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Ineffective Airway Clearance | Nursing Care Plan for Ventilatory Assistance

Nursing diagnosis: Ineffective airway clearance related to foreign body (artificial airway) in the trachea; inability to cough or ineffective cough

Possibly evidenced by
Changes in rate or depth of respiration
Cyanosis
Abnormal breath sounds
Anxiety and restlessness

Desired Outcomes/Evaluation Criteria—Client Will
Respiratory Status: Airway Patency
Maintain patent airway with breath sounds clear.
Be free of aspiration.

Caregiver Will
Identify potential complications and initiate appropriate actions.

Nursing intervention with rationale:
1. Assess airway patency.
Rationale: Obstruction may be caused by accumulation of secretions, mucous plugs, hemorrhage, bronchospasm, and problems with the position of tracheostomy or ET tube.

2. Evaluate chest movement and auscultate for bilateral breath sounds.
Rationale: Symmetrical chest movement with breath sounds throughout lung fields indicates proper tube placement and unobstructed airflow. Lower airway obstruction, such as pneumonia
or atelectasis, produces changes in breath sounds, such as rhonchi and wheezing.

3. Monitor ET tube placement. Note lip line marking and compare with desired placement. Secure tube carefully with tape or tube holder. Obtain assistance when retaping or
repositioning tube.
Rationale: The ET tube may slip into the right main-stem bronchus, thereby obstructing airflow to the left lung and putting client at risk for a tension pneumothorax.

4. Note excessive coughing, increased dyspnea (using a 0 to 10 scale), high-pressure alarm sounding on ventilator, visible secretions in endotracheal or tracheostomy tube,
and increased rhonchi.
Rationale: The intubated client often has an ineffective cough reflex, or client may have neuromuscular or neurosensory impairment, altering ability to cough. Client is usually dependent on suctioning to remove secretions. Note: Research supports use of a dyspnea rating scale (like those used to measure pain) to more accurately quantify and measure
changes in dyspnea as experienced by client.

5. Suction as needed when client is coughing or experiencing respiratory distress, limiting duration of suction to 15 seconds or less. Choose appropriate suction catheter. Hyperventilate before and after each catheter pass, using 100% oxygen if appropriate, using vent rather than Ambu bag, which has an increased risk of barotrauma. Suction continuously or intermittently during withdrawal.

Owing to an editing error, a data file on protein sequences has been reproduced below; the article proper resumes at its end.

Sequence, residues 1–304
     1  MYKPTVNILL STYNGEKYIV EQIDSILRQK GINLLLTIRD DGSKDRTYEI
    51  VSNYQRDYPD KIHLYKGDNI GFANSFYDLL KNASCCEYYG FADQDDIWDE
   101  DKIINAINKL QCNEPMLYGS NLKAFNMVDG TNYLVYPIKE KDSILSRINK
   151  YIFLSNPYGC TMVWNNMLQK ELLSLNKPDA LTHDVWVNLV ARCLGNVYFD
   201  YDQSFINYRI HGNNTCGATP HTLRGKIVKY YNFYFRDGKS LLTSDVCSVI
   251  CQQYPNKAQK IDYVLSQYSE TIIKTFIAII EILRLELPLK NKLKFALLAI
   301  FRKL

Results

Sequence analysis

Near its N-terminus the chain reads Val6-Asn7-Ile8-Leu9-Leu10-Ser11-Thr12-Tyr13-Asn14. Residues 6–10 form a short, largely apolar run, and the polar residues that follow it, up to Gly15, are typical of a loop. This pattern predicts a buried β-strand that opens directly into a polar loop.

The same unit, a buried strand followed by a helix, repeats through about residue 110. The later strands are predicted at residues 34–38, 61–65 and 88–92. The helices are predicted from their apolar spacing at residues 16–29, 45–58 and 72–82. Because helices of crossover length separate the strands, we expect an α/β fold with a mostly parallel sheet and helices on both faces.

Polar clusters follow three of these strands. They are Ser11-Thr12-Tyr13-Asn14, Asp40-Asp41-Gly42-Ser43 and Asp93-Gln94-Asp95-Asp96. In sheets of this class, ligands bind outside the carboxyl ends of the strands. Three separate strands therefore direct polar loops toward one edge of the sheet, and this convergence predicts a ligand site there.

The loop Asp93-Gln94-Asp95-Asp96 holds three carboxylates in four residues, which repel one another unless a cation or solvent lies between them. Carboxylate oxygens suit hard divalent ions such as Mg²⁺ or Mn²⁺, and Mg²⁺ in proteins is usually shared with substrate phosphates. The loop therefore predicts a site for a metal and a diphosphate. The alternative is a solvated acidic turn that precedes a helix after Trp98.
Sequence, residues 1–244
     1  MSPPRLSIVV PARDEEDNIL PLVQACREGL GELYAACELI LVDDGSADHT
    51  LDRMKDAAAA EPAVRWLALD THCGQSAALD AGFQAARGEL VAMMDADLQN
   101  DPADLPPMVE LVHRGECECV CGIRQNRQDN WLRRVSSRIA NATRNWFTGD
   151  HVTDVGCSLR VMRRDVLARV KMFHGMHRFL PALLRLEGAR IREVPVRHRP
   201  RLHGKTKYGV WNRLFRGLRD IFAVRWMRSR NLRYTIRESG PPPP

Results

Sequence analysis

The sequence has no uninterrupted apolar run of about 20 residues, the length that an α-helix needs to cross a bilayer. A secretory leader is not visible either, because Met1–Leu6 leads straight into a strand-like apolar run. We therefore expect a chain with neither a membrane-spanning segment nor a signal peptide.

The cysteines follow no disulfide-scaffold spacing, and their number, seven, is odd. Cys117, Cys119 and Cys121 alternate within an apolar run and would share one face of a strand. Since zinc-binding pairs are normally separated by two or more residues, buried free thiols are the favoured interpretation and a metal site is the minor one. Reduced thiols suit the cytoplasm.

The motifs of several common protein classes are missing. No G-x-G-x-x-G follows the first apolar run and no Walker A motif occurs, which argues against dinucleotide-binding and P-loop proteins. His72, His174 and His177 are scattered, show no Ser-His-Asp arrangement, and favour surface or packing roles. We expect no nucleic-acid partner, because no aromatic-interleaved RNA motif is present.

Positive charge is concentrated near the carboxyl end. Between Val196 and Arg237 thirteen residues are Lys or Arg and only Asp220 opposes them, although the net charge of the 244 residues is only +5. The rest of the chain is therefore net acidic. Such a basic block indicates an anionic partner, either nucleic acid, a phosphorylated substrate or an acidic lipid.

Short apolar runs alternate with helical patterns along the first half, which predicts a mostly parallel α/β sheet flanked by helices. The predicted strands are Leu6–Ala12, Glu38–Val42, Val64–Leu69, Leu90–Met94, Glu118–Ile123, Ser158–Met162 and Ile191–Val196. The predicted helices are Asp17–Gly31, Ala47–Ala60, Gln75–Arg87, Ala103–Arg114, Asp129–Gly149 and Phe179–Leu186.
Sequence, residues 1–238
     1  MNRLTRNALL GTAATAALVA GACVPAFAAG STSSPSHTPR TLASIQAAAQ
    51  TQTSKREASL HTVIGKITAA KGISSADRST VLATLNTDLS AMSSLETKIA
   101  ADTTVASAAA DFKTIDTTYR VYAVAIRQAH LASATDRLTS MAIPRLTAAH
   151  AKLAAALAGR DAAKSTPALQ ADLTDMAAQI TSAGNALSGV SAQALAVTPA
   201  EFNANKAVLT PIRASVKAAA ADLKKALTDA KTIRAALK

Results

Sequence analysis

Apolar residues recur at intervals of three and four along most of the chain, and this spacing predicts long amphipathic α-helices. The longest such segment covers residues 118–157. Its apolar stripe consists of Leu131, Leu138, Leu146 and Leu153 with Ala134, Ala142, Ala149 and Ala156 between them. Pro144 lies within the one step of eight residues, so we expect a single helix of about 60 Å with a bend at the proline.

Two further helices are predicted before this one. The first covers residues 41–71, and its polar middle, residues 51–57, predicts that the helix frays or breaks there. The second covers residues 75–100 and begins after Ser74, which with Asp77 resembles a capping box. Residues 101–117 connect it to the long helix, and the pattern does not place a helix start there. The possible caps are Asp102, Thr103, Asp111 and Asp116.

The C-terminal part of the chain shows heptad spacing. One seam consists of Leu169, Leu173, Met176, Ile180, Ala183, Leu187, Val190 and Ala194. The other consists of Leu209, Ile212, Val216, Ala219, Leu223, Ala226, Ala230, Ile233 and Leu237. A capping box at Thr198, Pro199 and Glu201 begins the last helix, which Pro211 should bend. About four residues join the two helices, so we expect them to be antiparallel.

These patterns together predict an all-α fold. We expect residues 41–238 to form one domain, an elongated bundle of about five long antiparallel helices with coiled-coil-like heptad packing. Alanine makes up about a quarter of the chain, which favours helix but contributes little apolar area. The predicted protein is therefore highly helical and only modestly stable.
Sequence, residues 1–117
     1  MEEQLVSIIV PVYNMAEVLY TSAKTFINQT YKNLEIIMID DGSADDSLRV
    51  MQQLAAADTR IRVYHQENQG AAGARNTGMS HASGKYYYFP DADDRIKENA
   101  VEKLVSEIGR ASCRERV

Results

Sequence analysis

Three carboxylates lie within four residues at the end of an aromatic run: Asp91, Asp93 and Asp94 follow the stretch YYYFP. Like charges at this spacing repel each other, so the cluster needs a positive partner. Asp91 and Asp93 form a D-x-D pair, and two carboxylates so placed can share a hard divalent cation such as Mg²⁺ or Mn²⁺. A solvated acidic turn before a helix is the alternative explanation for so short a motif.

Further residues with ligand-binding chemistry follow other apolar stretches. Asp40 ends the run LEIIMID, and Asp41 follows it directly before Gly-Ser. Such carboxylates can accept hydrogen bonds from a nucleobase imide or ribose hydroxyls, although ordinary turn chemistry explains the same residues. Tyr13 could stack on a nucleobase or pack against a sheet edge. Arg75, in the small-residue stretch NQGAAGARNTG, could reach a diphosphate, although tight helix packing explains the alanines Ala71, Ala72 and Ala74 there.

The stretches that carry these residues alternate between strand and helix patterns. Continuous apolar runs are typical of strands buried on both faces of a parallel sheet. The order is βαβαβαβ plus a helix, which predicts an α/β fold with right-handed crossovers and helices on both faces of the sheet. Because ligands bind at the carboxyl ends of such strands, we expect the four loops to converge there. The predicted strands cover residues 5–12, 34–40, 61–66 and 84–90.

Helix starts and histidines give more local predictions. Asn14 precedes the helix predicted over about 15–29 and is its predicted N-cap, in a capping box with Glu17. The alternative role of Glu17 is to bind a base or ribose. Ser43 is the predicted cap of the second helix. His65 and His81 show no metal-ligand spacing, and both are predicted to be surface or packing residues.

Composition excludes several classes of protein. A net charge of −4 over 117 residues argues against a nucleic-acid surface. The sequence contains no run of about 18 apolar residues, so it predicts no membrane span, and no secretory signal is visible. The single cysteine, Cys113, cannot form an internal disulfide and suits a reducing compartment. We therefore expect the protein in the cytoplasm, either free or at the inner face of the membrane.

Rationale: Suctioning should not be routine, and duration should be limited to reduce hazard of hypoxia. Suction catheter diameter should be less than 50% of the internal diameter of the ET or tracheostomy tube for prevention of hypoxia. Hyperoxygenation with ventilator sigh on 100% oxygen may be desired to reduce atelectasis and to reduce accidental hypoxia. Note: Instilling normal saline (NS) is no longer recommended (although it persists in practice) because research reveals that the fluid pools at the distal end of the ET or tracheal tube, impairing oxygenation and increasing bronchospasm and the risk of infection.

6. Use inline catheter suction when available.
Rationale: Reduces risk of infection for healthcare workers and helps maintain oxygen saturation and PEEP when used.

7. Instruct client in coughing techniques during suctioning, such as splinting, timing of breathing, and “quad cough,” as indicated.
Rationale: Enhances effectiveness of cough effort and secretion clearing.

8. Reposition or turn periodically.
Rationale: Promotes drainage of secretions and ventilation to all lung segments, reducing risk of atelectasis.

9. Encourage the client to drink fluids and provide fluids within individual capability.
Rationale: Helps liquefy secretions, enhancing expectoration.

10. Provide chest physiotherapy as indicated, such as postural drainage and percussion.
Rationale: Promotes ventilation of all lung segments and aids drainage of secretions.
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